Important note: if you using a PC-based CD-R writer ("burner") to produce Web sites on CD-R for playing on both PCs and Macs (taking advantage of the Mac's ability to read PC-formated disks), be sure to limit all HTML, graphic, and sound file names to 8 characters with a 3-character extension (for example "PAGE1.HTM"). Otherwise, Macs will not be able to read the site.
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10. Finding a Host to Serve your PagesIn order for your Web pages to actually be "on" the Internet, so that they will be accessible to Web users all over the world, they must be resident on a Web server. Many commercial Internet service providers provide Web ("home") page space for their customers; see your services documentation for more information.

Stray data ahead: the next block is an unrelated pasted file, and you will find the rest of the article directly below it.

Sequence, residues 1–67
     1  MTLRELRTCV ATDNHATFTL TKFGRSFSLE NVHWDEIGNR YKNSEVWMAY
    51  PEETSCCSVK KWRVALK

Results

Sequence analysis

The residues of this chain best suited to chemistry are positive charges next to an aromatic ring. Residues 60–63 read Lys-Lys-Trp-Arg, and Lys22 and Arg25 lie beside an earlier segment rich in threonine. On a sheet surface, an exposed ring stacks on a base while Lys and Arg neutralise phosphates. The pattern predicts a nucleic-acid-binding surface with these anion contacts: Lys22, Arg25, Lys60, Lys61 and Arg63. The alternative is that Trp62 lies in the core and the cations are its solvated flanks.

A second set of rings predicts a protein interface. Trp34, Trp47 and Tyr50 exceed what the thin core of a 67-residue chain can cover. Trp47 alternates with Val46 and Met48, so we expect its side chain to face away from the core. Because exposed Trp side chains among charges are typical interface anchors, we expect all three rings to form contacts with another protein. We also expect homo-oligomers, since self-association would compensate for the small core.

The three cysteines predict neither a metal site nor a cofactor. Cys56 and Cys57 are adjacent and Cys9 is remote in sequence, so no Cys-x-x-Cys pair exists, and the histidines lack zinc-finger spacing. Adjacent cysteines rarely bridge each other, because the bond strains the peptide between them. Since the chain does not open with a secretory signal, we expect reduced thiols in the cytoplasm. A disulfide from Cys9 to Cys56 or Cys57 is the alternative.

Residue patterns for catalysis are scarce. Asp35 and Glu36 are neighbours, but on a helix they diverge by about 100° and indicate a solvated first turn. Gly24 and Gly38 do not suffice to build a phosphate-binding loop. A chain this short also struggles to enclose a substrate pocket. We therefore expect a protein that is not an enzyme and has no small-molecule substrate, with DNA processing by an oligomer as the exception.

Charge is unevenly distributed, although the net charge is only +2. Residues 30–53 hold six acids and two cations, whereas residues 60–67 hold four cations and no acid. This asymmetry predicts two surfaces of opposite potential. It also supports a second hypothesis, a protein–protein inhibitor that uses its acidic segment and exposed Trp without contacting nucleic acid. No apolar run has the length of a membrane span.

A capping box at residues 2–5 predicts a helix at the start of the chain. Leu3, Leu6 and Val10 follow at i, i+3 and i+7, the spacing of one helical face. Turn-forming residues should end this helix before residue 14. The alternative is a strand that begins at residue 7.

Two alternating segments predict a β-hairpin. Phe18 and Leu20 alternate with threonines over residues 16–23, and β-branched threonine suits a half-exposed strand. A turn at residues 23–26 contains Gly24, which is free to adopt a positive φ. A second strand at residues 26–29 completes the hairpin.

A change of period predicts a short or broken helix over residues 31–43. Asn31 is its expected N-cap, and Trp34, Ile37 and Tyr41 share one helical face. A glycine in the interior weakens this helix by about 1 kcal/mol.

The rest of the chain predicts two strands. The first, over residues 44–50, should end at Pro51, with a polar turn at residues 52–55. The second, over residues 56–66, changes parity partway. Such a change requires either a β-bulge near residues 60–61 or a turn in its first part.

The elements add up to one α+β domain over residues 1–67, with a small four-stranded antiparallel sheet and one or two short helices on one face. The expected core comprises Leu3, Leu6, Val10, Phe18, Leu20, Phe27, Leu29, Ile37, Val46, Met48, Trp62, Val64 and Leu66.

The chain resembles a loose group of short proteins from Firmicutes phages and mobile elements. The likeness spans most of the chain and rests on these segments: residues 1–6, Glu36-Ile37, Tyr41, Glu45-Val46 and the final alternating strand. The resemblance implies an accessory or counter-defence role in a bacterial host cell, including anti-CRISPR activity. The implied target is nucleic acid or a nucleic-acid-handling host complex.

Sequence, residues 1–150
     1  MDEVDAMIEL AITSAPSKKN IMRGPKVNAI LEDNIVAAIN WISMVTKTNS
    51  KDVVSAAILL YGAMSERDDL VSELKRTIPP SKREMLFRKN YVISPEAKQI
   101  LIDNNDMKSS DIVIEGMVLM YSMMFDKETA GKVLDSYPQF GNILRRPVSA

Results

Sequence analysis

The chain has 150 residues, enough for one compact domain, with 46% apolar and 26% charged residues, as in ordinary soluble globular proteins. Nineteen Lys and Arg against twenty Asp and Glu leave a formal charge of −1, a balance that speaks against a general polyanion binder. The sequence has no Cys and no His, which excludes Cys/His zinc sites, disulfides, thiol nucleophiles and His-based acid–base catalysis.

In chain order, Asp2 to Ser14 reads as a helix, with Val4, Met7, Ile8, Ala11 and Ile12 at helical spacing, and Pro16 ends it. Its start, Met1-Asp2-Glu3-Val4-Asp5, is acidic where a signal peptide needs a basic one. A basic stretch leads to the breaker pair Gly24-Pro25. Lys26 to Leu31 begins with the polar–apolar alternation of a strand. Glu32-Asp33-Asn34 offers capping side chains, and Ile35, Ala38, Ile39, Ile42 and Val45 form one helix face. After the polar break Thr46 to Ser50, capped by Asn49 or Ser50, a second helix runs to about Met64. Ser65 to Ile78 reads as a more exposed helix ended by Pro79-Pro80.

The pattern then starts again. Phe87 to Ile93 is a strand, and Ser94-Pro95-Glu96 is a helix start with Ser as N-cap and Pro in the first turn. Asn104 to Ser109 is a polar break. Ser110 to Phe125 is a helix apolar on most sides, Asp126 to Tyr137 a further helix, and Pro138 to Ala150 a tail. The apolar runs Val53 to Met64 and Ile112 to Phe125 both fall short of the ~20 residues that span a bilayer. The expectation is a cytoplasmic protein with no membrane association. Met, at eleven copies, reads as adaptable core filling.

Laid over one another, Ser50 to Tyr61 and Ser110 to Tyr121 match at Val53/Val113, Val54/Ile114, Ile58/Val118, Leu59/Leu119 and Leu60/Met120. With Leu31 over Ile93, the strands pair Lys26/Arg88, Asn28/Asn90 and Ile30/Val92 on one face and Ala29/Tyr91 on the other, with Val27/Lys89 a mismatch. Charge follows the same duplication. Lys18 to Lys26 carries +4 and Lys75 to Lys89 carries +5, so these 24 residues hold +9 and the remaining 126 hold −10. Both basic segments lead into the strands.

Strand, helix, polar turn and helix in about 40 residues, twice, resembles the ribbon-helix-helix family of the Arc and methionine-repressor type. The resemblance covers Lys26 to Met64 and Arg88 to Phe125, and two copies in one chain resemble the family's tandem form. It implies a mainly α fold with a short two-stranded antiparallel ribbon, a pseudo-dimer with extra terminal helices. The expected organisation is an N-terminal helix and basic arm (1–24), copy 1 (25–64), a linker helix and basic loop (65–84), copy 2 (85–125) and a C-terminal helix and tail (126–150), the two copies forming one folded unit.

Or perhaps your school system may operate a Web server. You can usually submit all your HTML files and graphics to the Web server administrators on floppy diskettes.